2. Parentheses. The period goes outside of the parentheses when the parentheses’ passage is contained within the sentence. (Full sentences in parens have a period at the end of them before the final parenthesis.)
    3. Serial Comma. Three or more elements in a series are separated by commas, including a comma before the “and” that precedes the last element.
    4. Punctuation indicating omitted material (ellipses). Omitted words are indicated by three ellipsis points. When the material follows a complete sentence, the punctuation (period, questions mark, etc.) of the sentence comes first, followed by a space and three points. Ellipses can also be followed by closing punctuation. Examples: There are…four quarters in a dollar.… However, there are only two nickels in a dime. First we went to see … ; then we bought the book; finally, we to the café to read. N.B. Electronic vs. Print Styles above. For more examples see Chicago Manual 11.55.
    5. Abbreviations. Abbreviations require a period, including Mr.; Dr.; and St., as in St. Augustine. (But see Journal vs. Newsletter Styles above.) However, most acronyms do not have periods, e.g., AIDS, FDR, etc. (Chicago Manual 15.3).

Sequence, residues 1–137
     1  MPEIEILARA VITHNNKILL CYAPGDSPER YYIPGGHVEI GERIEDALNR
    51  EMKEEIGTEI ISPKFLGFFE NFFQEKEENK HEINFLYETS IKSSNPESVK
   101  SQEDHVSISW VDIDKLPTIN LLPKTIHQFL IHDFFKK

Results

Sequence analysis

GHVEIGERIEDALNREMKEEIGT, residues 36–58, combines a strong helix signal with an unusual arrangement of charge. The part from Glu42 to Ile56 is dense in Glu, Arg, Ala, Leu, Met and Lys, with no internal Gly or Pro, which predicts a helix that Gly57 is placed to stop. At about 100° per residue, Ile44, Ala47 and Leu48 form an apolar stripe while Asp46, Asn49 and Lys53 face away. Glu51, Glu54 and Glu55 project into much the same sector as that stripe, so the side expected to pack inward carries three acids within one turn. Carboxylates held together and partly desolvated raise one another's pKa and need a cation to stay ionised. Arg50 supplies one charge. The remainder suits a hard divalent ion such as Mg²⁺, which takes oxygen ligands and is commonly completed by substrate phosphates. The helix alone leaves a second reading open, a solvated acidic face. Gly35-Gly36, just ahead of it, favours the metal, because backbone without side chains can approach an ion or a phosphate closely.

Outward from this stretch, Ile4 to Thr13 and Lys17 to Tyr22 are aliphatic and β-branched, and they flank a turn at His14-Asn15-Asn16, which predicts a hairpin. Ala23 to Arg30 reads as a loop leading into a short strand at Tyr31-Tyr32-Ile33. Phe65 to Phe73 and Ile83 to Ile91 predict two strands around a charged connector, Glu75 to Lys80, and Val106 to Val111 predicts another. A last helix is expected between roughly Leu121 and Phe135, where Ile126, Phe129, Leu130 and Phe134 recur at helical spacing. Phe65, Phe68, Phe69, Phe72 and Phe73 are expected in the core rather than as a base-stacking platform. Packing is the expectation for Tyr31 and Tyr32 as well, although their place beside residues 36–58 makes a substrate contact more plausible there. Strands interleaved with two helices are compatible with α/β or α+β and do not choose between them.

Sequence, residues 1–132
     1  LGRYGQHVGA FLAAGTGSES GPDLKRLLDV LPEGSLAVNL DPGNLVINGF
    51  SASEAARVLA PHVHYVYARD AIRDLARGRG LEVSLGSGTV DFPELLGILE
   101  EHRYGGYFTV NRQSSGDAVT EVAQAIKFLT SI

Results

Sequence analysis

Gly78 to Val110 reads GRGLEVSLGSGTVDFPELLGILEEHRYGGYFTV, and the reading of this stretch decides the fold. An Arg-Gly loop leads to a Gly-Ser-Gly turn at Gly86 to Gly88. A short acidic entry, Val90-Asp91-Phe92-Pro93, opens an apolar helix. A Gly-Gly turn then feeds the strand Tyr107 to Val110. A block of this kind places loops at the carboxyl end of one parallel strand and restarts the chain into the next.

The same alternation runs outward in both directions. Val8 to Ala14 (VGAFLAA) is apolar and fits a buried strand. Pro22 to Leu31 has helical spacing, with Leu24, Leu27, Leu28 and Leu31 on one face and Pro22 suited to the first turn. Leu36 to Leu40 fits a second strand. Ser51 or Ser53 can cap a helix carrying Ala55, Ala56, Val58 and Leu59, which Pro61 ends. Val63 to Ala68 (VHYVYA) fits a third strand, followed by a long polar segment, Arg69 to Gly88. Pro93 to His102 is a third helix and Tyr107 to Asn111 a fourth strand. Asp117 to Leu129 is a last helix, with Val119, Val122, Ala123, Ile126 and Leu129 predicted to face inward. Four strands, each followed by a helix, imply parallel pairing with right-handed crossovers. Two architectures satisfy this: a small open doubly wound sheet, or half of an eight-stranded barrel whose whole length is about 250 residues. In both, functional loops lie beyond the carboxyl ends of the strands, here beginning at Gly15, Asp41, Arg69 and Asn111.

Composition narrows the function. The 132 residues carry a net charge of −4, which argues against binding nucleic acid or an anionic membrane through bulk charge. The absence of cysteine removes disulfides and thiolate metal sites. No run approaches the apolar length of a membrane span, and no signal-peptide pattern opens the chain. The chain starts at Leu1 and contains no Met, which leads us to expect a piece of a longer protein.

6. En Dash. Inclusive ranges take an en dash, not a hyphen (in Word, entered with option-hyphen, or by opening “insert” and inserting the en dash symbol), e.g., June 19–24; July — August.
    7. Em Dash. Explanatory clauses can be set off by an em dash — often indicated in a typescript by two hyphens — without a space before or after the dash. (In Word, entered with shift-option-hyphen, or by opening “insert” and inserting the em dash symbol.) N.B. Electronic vs. Print Styles above.
  6. Abbreviations

    1. ca. (without italics) for circa; vs. for versus
    2. The abbreviations “i.e.” and “e.g.” are followed by commas.
  7. Numbers

    1. Spell out numbers beginning a sentence (if you have a date at the beginning of a sentence, try recasting the sentence to avoid spelling out the date). Also spell out numbers
      1. in newsletter style, from one through ten,
      2. in journal style, from one to a hundred, round numbers.
    2. Use numerals for other numbers. Please note that “if according to rule you must use numerals for one of the numbers in a given category, use them for all in that category” (Chicago Manual 9.7).
    3. When writing about centuries, the century is
      1. spelled out in journal style (the twentieth century);
      2. written in numerals in newsletter style (the 20th century).
    4. American date format is month (spelled out), numeral day, numeral year, e.g., March 25, 2010.